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Orbital ultrasound monitoring during cardiopulmonary bypass and neuropsychological function following cardiac surgery: A-70

Hamada, H.; Kuroda, M.; Nakanuno, R.; Kawamoto, M.; Yuge, O.

European Journal of Anaesthesiology: May 2005 - Volume 22 - Issue - p 19
Monitoring: Equipment and Computers
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Department of Anesthesiology and Critical Care Medicine, Hiroshima University, Hiroshima, Japan

Background and Goal of Study: Cerebral dysfunction following cardiopulmonary bypass (CPB) remains a major source of morbidity and mortality in cardiac surgery, with early diagnosis required for the prevention of neurological complications. Orbital ultrasound (OUS) monitoring can provide useful information regarding intracranial blood flow during a CPB procedure (1). The objective of the present study was to evaluate the clinical significance of quantitative OUS findings during cardiac surgery in terms of their relevance to postoperative neurological events.

Materials and Methods: We studied 30 adult patients scheduled for coronary artery bypass grafting or valve replacement surgery. A mini-mental state examination (MMSE) was performed 2 days before, and 7 and 14 days after the operation. OUS observations were made before, 20, 40, and 60 minutes after the start, and after the end of CPB. Maximal flow velocity (Vmax) in the central retinal artery (CRA) and MMSE scores after the operation were compared using regression analysis. Further, Vmax and the occurrence of postoperative neurological events were compared using a chi-square test.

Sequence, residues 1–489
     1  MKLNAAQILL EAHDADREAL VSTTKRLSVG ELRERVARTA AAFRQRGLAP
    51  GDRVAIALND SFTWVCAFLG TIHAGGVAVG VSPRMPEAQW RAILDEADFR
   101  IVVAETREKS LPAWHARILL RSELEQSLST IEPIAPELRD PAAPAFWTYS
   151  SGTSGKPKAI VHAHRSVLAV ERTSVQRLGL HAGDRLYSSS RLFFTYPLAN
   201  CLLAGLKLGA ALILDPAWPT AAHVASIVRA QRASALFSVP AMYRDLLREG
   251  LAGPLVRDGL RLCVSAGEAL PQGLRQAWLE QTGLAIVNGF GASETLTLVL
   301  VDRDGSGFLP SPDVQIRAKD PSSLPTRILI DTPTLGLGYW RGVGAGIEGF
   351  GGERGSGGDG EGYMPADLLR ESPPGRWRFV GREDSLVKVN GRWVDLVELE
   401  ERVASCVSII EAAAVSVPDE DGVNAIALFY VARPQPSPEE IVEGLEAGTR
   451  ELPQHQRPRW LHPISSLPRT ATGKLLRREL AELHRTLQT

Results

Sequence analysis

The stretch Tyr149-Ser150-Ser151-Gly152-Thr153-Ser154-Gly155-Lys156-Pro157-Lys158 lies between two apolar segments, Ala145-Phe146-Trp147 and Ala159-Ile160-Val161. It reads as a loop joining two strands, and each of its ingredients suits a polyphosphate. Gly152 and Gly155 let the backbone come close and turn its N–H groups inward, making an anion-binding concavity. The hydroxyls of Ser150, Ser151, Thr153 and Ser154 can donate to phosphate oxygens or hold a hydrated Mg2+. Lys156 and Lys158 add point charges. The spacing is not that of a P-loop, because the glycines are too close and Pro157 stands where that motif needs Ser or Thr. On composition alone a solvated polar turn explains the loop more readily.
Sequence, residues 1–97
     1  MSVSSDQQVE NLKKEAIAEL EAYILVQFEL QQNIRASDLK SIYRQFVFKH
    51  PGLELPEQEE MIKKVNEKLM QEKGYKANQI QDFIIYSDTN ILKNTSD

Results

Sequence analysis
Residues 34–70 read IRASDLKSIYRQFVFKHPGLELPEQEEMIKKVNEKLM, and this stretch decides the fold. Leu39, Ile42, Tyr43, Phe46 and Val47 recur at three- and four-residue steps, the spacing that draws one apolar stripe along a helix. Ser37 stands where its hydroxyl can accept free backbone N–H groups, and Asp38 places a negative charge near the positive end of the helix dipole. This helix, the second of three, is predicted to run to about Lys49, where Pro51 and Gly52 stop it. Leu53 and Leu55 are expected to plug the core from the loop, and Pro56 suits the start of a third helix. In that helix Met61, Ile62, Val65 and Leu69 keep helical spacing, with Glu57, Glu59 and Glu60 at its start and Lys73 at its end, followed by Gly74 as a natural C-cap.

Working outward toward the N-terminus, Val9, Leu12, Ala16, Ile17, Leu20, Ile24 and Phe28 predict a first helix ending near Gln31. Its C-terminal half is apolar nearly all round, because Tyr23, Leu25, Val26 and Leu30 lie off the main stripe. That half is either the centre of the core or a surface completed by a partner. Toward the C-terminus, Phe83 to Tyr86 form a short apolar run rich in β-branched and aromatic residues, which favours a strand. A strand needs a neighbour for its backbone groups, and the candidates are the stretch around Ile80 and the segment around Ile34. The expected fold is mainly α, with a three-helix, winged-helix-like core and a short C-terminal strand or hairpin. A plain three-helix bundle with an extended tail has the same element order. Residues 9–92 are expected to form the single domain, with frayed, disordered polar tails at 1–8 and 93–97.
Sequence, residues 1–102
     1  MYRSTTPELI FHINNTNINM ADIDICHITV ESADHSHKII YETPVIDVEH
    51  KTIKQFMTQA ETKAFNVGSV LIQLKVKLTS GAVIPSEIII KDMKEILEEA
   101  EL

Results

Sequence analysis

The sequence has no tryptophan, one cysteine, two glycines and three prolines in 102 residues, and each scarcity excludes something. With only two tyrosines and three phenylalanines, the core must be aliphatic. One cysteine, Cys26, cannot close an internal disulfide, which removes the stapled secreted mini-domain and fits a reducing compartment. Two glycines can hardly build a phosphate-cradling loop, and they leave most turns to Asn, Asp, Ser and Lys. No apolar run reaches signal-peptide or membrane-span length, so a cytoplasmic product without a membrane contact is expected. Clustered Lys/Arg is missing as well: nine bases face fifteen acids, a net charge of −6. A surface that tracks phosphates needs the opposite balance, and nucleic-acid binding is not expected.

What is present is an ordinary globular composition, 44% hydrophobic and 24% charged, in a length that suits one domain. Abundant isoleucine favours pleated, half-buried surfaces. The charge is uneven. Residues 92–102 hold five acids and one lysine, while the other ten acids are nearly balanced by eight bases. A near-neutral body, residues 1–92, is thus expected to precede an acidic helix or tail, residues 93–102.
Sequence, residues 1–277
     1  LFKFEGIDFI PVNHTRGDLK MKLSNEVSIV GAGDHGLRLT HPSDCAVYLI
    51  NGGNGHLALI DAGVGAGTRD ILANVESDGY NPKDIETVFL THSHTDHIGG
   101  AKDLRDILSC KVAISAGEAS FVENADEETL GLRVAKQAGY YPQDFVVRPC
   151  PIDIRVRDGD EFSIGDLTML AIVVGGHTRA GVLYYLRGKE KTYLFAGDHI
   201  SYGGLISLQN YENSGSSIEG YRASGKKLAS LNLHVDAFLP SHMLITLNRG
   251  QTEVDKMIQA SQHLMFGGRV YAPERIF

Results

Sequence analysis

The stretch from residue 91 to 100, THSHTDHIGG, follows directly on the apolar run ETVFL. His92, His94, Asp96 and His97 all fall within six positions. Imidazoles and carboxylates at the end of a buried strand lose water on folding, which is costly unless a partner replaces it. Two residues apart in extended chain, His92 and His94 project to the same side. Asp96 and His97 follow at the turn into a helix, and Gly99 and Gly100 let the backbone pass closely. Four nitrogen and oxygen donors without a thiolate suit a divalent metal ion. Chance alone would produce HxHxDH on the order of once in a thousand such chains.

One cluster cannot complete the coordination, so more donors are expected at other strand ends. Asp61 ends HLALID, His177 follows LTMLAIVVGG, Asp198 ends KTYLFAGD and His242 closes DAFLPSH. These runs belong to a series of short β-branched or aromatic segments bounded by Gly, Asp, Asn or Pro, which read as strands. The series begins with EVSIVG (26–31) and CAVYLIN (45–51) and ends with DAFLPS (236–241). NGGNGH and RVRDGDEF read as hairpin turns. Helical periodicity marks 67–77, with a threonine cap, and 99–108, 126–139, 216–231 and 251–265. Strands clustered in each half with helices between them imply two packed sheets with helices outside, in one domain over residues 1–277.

Results and Discussions: MMSE scores were significantly decreased 7 days after the operation and then returned to preoperative levels by 14 days. No significant correlations were seen between Vmax at any time point during CPB and postoperative MMSE scores. Delirium occurred in 5 cases (17%), whereas no major complication, such as stroke, occurred. Each of those patients showed significantly lower MMSE scores after the operation as compared to the other patients, and OUS monitoring detected CRA blood flow during CPB. We considered that the absence of significant correlations between Vmax and postoperative neurological events may be due in part to the absence of major neurological complications in the present cases.

Conclusion(s): The Vmax of CRA blood flow obtained by OUS monitoring could not predict postoperative neurological events. Additional studies for quantitative evaluation of OUS monitoring during CPB when used as an indicator of postoperative minor neurological dysfunction are needed.

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Reference:

1 Orihashi K, Matsuura Y, Sueda T, et al. Ann Thorac Surg 2001; 71: 673-677.
© 2005 European Society of Anaesthesiology